Visible to the public CPS: Synergy: Collaborative Research: Distributed Asynchronous Algorithms and Software Systems for Wide-Area Monitoring of Power SystemsConflict Detection Enabled

Project Details
Lead PI:Aranya Chakrabortty
Co-PI(s):Frank Mueller
Performance Period:10/01/13 - 09/30/17
Institution(s):North Carolina State University
Sponsor(s):National Science Foundation
Award Number:1329780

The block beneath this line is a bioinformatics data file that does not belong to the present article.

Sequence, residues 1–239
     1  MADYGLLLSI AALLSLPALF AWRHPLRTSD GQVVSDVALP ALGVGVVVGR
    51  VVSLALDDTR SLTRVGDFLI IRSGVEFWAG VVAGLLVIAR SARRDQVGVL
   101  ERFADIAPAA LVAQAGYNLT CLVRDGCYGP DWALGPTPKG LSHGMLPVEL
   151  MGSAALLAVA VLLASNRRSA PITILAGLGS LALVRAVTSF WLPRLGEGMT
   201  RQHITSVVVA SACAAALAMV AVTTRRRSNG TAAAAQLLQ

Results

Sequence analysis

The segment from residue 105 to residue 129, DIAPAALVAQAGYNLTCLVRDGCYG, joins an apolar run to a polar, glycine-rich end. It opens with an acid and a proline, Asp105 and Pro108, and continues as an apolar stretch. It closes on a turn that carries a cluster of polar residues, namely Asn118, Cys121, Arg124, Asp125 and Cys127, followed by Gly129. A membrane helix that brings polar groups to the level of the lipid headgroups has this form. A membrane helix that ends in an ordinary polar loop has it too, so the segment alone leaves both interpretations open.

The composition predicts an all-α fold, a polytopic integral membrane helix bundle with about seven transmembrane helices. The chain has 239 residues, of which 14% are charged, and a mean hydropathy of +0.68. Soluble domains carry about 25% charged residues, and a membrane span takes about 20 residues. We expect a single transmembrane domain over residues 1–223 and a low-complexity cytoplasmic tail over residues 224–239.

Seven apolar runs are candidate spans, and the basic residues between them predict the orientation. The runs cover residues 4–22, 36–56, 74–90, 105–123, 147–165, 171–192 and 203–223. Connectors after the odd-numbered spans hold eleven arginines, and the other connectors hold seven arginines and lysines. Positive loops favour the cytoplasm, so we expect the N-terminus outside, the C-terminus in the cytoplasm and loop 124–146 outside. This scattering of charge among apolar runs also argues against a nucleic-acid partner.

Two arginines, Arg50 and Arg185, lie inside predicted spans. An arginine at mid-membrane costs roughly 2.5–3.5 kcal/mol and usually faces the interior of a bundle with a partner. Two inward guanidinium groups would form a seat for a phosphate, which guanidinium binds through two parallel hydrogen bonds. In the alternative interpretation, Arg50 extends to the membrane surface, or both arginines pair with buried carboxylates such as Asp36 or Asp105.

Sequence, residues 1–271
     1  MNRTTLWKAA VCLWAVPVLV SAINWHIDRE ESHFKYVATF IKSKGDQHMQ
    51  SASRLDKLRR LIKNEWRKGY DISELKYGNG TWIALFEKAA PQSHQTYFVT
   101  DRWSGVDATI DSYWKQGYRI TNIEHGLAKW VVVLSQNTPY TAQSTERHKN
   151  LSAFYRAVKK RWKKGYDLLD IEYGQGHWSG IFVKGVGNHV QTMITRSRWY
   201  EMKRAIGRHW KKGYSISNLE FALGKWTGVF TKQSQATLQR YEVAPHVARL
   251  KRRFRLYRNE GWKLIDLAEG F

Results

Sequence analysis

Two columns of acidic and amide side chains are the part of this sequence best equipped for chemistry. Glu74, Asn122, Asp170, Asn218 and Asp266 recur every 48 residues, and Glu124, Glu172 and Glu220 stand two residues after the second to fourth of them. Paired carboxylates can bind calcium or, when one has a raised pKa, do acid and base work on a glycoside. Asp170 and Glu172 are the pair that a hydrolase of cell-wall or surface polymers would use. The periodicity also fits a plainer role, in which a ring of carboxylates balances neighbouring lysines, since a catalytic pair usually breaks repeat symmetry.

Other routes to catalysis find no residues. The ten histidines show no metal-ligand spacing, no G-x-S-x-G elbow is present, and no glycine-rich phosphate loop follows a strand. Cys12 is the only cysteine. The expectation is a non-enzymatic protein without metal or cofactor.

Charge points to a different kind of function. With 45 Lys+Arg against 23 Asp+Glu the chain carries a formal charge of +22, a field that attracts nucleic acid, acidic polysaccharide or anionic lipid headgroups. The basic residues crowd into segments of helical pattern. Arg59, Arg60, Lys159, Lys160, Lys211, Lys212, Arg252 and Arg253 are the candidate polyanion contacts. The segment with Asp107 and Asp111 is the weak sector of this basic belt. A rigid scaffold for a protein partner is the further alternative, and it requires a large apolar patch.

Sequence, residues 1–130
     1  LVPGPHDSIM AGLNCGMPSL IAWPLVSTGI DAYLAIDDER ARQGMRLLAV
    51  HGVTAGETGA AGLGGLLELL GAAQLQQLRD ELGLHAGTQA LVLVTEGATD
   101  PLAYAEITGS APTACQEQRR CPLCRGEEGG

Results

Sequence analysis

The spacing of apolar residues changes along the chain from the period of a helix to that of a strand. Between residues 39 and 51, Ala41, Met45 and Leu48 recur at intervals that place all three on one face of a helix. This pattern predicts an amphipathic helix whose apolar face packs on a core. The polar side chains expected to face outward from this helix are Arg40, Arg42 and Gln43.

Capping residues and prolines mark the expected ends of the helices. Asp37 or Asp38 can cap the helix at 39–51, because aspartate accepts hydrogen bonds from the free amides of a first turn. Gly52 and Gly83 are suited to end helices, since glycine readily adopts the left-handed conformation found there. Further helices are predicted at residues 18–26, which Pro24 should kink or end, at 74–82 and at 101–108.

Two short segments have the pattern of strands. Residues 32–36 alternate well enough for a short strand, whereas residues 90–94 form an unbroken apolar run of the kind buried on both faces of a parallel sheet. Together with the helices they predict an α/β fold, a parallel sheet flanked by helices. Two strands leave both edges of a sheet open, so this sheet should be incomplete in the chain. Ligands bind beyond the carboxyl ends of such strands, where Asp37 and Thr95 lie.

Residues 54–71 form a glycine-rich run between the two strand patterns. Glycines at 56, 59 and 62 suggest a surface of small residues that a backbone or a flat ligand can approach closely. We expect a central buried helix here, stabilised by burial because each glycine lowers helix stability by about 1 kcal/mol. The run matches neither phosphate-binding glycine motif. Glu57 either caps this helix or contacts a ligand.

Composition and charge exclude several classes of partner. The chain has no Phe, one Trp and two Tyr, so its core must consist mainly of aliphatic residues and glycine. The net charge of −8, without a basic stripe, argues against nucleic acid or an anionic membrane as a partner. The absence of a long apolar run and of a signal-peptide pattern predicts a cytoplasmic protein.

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Abstract: The objective of this proposal is to develop a distributed algorithmic framework, supported by a highly fault-tolerant software system, for executing critical transmission-level operations of the North American power grid using gigantic volumes of Synchrophasor data. As the number of Phasor Measurement Units (PMU) increases to more than thousands in the next 4-5 years, it is rather intuitive that the current state-of-the-art centralized communication and information processing architecture of Wide-Area Measurement System (WAMS) will no longer be sustainable under such data-explosion, and a completely distributed cyber-physical architecture will need to be developed. The North American Synchrophasor Initiative (NASPI) is currently addressing this architectural aspect by developing new communication and computing protocols through NASPI-net and Phasor Gateway. However, very little attention has been paid so far to perhaps the most critical consequence of this envisioned distributed architecture "namely", distributed algorithms, and their relevant middleware. Our primary task, therefore, will be to develop parallel computational methods for solving real-time wide-area monitoring and control problems with analytical investigation of their stability, convergence and robustness properties, followed by their implementation and testing against extraneous malicious attacks using our WAMS-RTDS testbed at NC State. In particular, we will address three critical research problems "namely" distributed wide-area oscillation monitoring, transient stability assessment, and voltage stability monitoring. The intellectual merit of this research will be in establishing an extremely timely application area of the PMU technology through its integration with distributed computing and optimal control. It will illustrate how ideas from advanced ideas from numerical methods and distributed optimization can be combined into power system monitoring and control applications, and how they can be implemented via fault-tolerant computing to maintain grid stability in face of catastrophic cyber and physical disturbances. The broader impact of this project will be in providing a much-needed application of CPS engineering to advance emerging research on PMU-integrated next-generation smart grids. Research results will be broadcast through journal publications, jointly organized graduate courses between NC State and University of Illinois Urbana Champagne, conference tutorials and workshops. Undergraduate research for minority engineering students will be promoted via the FREEDM Systems Center, summer internships via Information Trust Institute (UIUC) and RENCI, and middle/high-school student mentoring through the NCSU Science House program.